Sunday Lit Crit Sermon: “Cactus” on Mental Dyspepsia

The term “mental dyspepsia” used in this article gave me pause. Dyspepsia is indigestion, but I’m not sure that what the author, “Cactus” describes can be called indigestion exactly, if for no other reason than it doesn’t have quite as immediate an effect as indigestion, nor is it as temporary.

Still, whatever we call this mental disorder arising from reading, I think I’ve felt it once or twice.

Unfortunately, I can’t say exactly who “Cactus” is. The nom-de-plume isn’t listed in the list of Pseudonyms and initials that the Church archives prepared years ago. My short research into the name doesn’t yield much insight. It first appeared in 1891 in The Contributor under a poem. Then, toward the end of that year it is listed as the author of a series of articles, “Plain Talks for Plain People,” of which the following, “Myself–Mentally” is one. If the references made in the article are to be believed, the author is a woman. Other than that, I don’t know who wrote this.



by “Cactus”


Possessed physically of at least average health and strength how shall I provide Myself with the proper variety and amount of mental pabulum necessary for the full development and nourishment of my mental being? Happy for me, if in my youth, some kind, gentle, yet firm hand has been over me to guide in its selection. If not, I fear Myself has been mentally starved, or has suffered all the horrors ot mental dyspepsia, superinduced by overdosing.

Ah ! these thoughts have called up an image, I thought long since annihilated, that of the Myself of my early youth. In vindication of the foregoing statements, we will hear what she has to say for herself and her experience.

“I think I was born a book-worm. At any rate, my earliest and most pleasant recollections are of books, all my relatives having been great readers. From a very small child, when other children were engaged in playing with their dolls, or making mud pies, that dear delight ol childhood, I sat apart, absorbed in interpreting some old picture-book, or deciphering words and ideas far beyond my years. As I grew older, the passion for books increased. Everything was “grist that came to my mill.” I was equally interested in a medical work, a scientific treatise, a poem or a novel ; so that I often surprised my relatives by my knowledge of certain subjects thought to be far beyond the ken of childhood.

“In the house, and around the garden were various corners where I hid myself for hours at a time, only issuing forth when threatened with dire punishment by some voice which I could hear enquiring “where that child had gone to!” and answered by some other, “Oh, she is in some of her corners, reading, as usual.”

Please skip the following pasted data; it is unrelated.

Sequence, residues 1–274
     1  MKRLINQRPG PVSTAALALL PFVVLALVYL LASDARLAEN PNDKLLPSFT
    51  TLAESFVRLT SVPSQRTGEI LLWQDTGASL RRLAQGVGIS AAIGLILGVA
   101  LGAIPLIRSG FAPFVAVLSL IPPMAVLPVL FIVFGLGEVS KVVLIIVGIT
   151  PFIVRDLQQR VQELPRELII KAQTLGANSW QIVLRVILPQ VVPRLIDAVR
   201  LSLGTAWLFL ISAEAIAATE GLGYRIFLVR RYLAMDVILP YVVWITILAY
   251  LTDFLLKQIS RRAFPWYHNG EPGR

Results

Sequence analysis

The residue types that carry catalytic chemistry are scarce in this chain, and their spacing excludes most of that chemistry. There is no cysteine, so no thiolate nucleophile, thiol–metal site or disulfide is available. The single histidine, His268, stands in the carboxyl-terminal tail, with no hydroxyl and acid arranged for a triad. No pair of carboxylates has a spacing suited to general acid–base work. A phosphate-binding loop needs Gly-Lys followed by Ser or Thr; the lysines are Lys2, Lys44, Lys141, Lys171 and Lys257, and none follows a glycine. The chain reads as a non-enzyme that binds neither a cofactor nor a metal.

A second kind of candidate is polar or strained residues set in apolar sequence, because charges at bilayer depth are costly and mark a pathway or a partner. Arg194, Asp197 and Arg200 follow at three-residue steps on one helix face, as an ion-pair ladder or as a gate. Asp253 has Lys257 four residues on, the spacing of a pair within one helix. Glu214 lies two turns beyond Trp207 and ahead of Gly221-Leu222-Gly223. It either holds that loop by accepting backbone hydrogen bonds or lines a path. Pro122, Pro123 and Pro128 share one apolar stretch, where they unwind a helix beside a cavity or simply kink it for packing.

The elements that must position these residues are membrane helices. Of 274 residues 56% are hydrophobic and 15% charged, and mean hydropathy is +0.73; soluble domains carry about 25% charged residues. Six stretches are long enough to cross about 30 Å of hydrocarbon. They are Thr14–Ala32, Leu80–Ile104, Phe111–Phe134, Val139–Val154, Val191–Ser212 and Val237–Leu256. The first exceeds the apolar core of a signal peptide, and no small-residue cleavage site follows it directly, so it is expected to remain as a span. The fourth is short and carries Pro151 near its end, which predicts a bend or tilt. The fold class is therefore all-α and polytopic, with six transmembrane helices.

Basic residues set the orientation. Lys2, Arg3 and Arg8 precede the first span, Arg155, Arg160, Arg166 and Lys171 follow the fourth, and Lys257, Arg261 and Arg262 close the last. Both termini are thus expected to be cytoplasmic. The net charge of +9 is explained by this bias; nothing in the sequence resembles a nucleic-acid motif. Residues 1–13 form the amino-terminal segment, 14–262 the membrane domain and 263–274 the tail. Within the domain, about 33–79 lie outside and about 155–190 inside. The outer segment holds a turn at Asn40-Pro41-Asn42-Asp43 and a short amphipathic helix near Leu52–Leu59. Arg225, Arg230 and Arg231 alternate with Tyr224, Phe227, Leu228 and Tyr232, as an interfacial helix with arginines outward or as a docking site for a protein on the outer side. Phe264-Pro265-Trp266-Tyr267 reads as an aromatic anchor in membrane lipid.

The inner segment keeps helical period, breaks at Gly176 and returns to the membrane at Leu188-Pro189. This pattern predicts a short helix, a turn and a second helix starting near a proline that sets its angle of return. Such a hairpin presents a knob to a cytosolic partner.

“As time went on.and I approached the dangerous strait between girlhood and woman-hood, my tastes changed. I now only sought that kind of literature which stimulated the romantic side of my nature. I remember the New York Ledger played an important part, aided by magazines, and various ten cent novels, extremely doubtful in character, which I managed to borrow here and there, and smuggled surreptitiously into my hiding places.

“I also acquired about this time the pernicious habit of reading in bed. Midnight often found me poring over these mind and soul-destroyers, when all in the house were soundly sleeping, and I was supposed to be in the same blissful condition. This course I continued in for several years, not without its effect upon my mind and heart. My erst-while even and amiable temper became fevered and capricious; I was restless, dissatisfied with my life and surroundings, and longed for what were then impossibilities. I wove romances innumerable, always with Myself as the abused and self-sacrificing heroine. I began dozens of diaries, which, three month later I would burn in very disgust at my own vapidity, only to repeat the experiment. I even attempted the hard task of dramatizing my thoughts and feelings.

“At last I was providentially brought into contact with a talented,cultured man, who, though many years older than myself, readily conceived of and entered into the state of my mind, divined the danger I was in, and foresaw the possibilities of wisely directing my course. Of his own free will, he took this duty upon himself, and by his kind, wise, and fatherly teaching, I was gradually and unconsciously led away from the path I had been pursuing, and my energies directed into a more profitable as well as more pleasant channel. To this day I look upon that man as my benefactor; and should I ever attain to any literary prestige, shall, out of sheer gratitude, dedicate to him my first laudable effort, as the friend and director of youth and struggling effort.